I love jewellery (who doesn’t?) I may not wear it all the time (bar my engagement and wedding rings and my silver Brian de Staic Claddagh ring from Dingle, Co Kerry), but I do love it. Especially silver jewellery. I predominantly work in silver. It's an easy metal to handle, making it great to experiment with and as precious metals go, it's the most accessible price wise.
Silver can be worn everyday for an added bit of sparkle or to add a sophisticated glint to your best going out outfit. It can be youthful and fresh, or sleek and elegant and when its polished to a high shine, there’s almost nothing as eye catching, in my humble opinion.
As metals go, silver is pretty non-reactive (here comes the sciencey bit). In chemistry terms, it is what is referred to as a “noble metal”, ie its resistant to corrosion and oxidisation. Ah ha! I here you cry, but silver tarnishes! Isn’t that because of oxidisation? Well yes, you’d be correct. Put silver in the presence of hydrogen sulphide or ozone (which are present in your everyday, bog standard air) and it will tarnish. It also doesn’t do well if its submerged in salt water for long periods of time. Now, we’re talking 100’s of years not a few hours, so taking a long plunge in the sea whilst wearing your silver jewellery, whilst not recommended (you should always remove your jewellery before swimming, washing up, bathing etc) won’t cause your jewellery to instantaneously dissolve. Realistically this is more of a problem when you are dealing with historic silver artefacts, for example, silver coins recovered from a sunken Spanish Galleon.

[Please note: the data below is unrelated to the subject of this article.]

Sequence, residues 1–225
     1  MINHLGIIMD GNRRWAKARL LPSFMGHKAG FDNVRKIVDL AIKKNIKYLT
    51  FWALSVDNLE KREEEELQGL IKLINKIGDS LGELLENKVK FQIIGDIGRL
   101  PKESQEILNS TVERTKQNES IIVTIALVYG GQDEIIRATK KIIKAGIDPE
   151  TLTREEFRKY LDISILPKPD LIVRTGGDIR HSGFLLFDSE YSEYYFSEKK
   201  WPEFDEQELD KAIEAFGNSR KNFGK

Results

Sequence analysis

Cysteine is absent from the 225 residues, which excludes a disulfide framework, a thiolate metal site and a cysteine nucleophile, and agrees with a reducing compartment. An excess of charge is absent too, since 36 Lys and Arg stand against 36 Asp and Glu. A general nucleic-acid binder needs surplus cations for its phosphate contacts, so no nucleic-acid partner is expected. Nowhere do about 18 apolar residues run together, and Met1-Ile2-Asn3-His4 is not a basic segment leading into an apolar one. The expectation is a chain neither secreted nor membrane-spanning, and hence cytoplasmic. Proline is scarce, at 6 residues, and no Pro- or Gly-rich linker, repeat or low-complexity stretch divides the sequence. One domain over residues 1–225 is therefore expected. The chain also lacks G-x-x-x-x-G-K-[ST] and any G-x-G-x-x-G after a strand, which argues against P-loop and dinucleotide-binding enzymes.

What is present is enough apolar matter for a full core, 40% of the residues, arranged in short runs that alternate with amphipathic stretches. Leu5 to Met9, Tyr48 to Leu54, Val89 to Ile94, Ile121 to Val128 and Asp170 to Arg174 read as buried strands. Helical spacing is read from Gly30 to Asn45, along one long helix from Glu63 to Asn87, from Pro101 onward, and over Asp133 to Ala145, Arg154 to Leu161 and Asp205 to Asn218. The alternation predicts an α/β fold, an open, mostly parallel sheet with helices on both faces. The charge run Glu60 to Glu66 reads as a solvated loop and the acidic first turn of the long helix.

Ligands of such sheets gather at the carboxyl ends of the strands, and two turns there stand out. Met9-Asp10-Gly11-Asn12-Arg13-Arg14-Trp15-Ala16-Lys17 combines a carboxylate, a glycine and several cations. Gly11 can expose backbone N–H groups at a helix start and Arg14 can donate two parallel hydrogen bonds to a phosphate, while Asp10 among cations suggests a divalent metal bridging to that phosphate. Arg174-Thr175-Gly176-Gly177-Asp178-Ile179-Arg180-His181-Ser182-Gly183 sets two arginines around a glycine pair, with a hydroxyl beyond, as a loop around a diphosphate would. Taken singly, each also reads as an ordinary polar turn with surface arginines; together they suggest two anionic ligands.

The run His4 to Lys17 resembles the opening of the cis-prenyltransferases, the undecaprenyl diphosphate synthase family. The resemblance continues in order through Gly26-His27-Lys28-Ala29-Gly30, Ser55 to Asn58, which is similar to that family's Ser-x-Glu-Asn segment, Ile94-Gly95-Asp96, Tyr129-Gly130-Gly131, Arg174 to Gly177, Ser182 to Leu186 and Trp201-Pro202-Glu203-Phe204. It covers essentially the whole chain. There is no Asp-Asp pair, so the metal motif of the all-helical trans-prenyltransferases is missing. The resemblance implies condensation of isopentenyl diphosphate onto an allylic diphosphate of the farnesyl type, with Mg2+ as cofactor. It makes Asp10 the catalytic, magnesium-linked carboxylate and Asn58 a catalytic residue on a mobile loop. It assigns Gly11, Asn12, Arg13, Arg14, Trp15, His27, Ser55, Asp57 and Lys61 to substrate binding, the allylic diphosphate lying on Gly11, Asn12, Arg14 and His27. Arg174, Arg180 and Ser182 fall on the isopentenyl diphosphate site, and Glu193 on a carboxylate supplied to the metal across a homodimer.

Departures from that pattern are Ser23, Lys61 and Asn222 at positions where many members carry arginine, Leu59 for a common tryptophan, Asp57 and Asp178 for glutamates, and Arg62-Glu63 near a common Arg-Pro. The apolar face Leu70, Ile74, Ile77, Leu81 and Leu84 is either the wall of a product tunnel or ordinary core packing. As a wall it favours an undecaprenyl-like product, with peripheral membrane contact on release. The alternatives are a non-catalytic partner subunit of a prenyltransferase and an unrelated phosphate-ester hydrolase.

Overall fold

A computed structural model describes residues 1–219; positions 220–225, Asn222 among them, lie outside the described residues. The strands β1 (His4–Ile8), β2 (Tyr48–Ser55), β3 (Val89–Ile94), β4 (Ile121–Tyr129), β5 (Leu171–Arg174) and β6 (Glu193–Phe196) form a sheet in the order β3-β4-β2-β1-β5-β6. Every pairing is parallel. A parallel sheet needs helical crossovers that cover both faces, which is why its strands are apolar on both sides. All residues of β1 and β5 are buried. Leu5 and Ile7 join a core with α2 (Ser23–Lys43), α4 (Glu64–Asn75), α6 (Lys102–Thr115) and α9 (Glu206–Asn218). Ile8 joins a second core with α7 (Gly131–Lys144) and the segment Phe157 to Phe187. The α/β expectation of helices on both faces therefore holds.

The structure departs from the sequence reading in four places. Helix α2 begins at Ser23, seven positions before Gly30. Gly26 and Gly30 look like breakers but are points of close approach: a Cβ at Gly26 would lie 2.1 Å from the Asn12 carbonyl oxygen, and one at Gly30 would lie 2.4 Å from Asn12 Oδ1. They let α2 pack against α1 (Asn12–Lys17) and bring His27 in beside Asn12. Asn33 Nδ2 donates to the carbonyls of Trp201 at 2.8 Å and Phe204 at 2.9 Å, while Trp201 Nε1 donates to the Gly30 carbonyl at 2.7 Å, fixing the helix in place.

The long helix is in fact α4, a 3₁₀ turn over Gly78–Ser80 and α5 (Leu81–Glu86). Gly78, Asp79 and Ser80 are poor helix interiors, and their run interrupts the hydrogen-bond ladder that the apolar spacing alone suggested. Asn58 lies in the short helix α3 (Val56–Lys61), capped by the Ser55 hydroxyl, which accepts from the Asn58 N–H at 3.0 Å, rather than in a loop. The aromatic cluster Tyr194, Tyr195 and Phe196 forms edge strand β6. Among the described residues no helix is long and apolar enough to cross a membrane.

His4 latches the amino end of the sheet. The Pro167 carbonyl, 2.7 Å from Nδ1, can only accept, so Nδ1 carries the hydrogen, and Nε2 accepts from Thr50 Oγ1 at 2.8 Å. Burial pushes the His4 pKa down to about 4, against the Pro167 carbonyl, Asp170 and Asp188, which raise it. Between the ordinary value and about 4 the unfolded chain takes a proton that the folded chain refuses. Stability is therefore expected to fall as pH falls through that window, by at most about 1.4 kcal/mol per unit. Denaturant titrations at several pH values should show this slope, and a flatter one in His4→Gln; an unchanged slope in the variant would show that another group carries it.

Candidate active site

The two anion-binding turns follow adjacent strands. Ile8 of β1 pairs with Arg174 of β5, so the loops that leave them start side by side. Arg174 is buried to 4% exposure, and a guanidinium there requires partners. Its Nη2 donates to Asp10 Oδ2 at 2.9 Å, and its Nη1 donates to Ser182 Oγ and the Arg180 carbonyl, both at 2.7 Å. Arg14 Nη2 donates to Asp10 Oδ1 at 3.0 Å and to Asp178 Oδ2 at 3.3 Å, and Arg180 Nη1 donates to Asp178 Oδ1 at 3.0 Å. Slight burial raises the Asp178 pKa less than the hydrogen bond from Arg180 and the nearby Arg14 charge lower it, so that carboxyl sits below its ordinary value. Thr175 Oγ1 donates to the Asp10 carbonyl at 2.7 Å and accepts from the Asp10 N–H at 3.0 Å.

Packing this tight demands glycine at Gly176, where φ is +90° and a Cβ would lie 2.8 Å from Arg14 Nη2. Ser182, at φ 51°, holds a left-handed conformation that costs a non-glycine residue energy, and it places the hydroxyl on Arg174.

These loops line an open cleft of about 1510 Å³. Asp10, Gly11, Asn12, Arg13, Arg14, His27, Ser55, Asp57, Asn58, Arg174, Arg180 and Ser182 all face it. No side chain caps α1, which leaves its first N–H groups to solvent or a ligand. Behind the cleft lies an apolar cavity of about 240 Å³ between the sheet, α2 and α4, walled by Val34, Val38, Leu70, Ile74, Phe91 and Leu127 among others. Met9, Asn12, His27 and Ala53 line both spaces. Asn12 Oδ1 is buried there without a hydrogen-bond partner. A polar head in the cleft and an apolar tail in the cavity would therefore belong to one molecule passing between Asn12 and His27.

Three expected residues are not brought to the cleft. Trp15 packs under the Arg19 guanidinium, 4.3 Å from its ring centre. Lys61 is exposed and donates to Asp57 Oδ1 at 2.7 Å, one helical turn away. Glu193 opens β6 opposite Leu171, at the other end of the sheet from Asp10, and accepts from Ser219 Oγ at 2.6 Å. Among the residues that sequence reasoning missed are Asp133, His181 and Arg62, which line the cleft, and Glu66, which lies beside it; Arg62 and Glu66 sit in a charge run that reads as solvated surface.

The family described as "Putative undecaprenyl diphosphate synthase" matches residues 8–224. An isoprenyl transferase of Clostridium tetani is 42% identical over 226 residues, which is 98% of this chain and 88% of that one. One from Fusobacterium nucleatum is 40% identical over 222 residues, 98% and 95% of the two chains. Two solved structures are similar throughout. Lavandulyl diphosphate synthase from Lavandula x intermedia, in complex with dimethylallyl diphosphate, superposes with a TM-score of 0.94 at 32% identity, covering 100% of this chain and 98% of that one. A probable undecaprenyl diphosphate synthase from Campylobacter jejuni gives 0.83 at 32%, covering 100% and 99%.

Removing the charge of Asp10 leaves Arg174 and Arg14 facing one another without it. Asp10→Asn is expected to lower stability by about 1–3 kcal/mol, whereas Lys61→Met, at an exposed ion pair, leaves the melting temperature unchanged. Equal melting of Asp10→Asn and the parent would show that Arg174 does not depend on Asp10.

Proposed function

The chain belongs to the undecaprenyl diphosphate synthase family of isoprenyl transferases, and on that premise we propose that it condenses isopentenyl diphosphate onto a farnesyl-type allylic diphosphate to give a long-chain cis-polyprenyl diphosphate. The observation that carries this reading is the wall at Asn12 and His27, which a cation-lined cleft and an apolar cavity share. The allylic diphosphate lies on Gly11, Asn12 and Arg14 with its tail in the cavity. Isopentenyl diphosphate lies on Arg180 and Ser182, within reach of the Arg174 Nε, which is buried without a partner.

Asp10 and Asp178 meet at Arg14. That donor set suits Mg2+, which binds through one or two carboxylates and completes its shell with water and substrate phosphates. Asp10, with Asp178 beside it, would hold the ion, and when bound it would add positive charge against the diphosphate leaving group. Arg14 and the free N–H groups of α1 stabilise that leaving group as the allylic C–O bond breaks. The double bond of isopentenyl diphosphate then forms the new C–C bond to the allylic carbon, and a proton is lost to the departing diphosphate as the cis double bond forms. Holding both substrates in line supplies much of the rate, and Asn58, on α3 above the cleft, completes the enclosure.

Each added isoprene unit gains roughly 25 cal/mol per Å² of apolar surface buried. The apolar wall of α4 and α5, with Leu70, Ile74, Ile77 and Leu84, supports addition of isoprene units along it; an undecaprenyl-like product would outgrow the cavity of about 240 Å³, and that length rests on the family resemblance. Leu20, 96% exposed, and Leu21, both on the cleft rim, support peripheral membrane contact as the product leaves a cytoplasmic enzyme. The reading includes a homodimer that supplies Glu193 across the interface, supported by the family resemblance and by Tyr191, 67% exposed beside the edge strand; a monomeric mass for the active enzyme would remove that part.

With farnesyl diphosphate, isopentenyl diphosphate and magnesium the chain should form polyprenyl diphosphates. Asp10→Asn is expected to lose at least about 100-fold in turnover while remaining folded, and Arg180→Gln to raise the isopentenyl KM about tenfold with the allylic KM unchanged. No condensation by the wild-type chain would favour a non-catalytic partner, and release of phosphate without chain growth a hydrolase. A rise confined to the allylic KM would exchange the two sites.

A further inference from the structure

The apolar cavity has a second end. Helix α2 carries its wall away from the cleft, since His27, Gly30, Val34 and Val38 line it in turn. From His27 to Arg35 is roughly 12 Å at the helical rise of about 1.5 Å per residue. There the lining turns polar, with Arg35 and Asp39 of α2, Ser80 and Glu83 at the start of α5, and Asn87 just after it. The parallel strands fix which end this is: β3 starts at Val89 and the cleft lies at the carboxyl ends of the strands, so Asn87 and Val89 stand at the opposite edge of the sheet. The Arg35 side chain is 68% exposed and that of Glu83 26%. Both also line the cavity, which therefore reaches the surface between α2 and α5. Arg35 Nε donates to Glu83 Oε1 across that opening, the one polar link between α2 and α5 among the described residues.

Being a non-reactive metal means that silver jewellery is unlikely to cause severe allergic reactions. I say “unlikely” and not “won’t” because although silver allergies are rare, they do happen. Now the majority of people who experience an allergic reaction to silver, are probably reacting to one of two metals; nickel or copper.
Here comes the disclaimer: I have not studied medicine, dermatology, immunology and I am definitely not a doctor. I am only commenting on what I know, so please do not take this as medical advice in any shape or form. If you are worried about any skin reaction you suspect is due to contact with jewellery, please consult your doctor.
Nickel was (and still is in some countries) used in sterling silver and it is one of the most common causes of metal allergies. Sterling silver is 92.5% pure silver that is usually alloyed with copper to create sterling silver. In some cases nickel is used as it is a cheap alternative to copper and it is this nickel that causes the allergic reaction. However, people can also be allergic to copper, so even nickel-free sterling silver isn’t really an option.